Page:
×

The Meaning of Mariah Carey / (by Mariah Carey, 2020) -

/

The Meaning of Mariah Carey /    (by Mariah Carey, 2020) -

The Meaning of Mariah Carey / (by Mariah Carey, 2020) -

. , . , . , , . . , . . , . . . , .

:
: 329
:
The Meaning of Mariah Carey / (by Mariah Carey, 2020) -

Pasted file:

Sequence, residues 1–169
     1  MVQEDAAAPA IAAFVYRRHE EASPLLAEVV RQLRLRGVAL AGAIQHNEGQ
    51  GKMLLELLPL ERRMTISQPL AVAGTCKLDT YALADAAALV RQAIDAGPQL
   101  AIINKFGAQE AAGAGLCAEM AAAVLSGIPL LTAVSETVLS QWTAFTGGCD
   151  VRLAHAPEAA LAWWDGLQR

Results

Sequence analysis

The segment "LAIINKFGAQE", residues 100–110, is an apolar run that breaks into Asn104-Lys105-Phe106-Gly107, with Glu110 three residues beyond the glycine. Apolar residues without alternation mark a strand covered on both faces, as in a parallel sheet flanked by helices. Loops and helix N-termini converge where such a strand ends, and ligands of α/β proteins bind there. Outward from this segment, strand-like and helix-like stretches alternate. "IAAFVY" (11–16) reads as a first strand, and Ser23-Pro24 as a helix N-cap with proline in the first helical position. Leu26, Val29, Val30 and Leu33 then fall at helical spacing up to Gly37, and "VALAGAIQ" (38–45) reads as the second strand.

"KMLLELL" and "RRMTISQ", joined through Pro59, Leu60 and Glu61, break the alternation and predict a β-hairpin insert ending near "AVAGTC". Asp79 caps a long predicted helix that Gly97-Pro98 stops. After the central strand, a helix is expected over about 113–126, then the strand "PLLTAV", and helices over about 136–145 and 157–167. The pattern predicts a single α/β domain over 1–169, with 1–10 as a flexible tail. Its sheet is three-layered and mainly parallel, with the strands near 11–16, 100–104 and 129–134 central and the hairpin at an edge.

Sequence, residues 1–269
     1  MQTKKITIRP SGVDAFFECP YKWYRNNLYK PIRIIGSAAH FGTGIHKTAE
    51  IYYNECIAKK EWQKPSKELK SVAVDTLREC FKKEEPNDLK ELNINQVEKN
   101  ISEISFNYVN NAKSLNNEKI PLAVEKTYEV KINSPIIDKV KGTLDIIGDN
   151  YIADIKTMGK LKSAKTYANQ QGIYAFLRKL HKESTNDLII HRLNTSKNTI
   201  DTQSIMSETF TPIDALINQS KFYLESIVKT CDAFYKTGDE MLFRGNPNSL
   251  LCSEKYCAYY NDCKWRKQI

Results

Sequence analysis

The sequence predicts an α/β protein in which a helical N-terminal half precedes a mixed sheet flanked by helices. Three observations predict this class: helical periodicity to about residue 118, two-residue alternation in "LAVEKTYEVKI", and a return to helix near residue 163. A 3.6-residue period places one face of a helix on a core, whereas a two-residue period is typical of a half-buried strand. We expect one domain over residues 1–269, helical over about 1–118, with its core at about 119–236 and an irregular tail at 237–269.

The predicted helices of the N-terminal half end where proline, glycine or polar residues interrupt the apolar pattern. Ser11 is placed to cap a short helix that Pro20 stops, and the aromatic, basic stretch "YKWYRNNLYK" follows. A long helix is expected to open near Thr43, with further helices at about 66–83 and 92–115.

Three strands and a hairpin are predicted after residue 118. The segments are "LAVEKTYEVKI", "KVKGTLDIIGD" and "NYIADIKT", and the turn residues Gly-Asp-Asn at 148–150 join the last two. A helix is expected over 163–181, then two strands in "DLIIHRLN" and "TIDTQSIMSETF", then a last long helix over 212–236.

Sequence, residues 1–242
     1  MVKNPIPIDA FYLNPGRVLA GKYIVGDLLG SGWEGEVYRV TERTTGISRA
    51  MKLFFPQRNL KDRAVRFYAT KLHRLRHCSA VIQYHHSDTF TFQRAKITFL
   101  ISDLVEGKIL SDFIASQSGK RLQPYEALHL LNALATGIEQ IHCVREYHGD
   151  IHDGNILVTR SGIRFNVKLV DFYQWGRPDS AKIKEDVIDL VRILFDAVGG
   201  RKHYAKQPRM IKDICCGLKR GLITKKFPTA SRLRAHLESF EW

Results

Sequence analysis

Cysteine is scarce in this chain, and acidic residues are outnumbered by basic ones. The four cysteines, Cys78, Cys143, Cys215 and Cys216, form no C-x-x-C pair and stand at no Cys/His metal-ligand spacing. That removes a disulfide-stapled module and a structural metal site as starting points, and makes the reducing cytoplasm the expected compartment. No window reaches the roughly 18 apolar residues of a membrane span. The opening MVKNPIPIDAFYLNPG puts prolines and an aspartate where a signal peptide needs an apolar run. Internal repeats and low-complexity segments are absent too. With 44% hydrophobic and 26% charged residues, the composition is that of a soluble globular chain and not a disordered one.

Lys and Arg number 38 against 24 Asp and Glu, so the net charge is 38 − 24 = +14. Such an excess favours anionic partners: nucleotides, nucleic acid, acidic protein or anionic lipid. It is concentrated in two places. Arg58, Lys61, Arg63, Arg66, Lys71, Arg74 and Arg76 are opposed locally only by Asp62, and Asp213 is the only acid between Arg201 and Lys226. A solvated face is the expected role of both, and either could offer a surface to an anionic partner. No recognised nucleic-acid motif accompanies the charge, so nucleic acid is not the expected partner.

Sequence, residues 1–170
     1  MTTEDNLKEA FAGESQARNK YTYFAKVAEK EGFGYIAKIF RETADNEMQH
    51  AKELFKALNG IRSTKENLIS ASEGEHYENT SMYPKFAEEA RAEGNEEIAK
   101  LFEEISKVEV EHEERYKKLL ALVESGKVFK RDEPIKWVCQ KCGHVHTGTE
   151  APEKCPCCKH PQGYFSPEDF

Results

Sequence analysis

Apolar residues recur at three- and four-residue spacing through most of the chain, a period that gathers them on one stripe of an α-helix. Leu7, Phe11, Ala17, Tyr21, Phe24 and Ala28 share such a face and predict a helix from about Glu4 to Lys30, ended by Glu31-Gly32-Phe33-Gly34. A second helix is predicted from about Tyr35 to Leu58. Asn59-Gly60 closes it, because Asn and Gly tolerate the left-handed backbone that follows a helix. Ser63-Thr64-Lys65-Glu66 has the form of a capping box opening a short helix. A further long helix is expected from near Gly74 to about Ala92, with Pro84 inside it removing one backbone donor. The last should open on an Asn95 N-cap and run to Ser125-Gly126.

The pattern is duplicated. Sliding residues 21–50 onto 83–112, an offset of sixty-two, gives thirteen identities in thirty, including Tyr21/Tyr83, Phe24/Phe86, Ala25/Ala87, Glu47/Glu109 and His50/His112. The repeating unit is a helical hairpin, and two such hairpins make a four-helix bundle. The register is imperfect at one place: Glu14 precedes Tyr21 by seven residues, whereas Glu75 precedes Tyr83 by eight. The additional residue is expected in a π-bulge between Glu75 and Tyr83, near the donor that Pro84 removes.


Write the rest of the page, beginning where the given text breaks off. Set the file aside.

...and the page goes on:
:
2020
:
Mariah Carey
:
Mariah Carey
:
:
:
upper-intermediate
:
11:18:07
:
128 kbps
:
mp3, pdf, doc

The Meaning of Mariah Carey / :

.doc (Word) mariah_carey_-_the_meaning_of_mariah_carey.doc [39.42 Mb] (c: 13) .
.pdf mariah_carey_-_the_meaning_of_mariah_carey.pdf [7.71 Mb] (c: 13) .
audiobook (MP3) .


: The Meaning of Mariah Carey

:

( , ).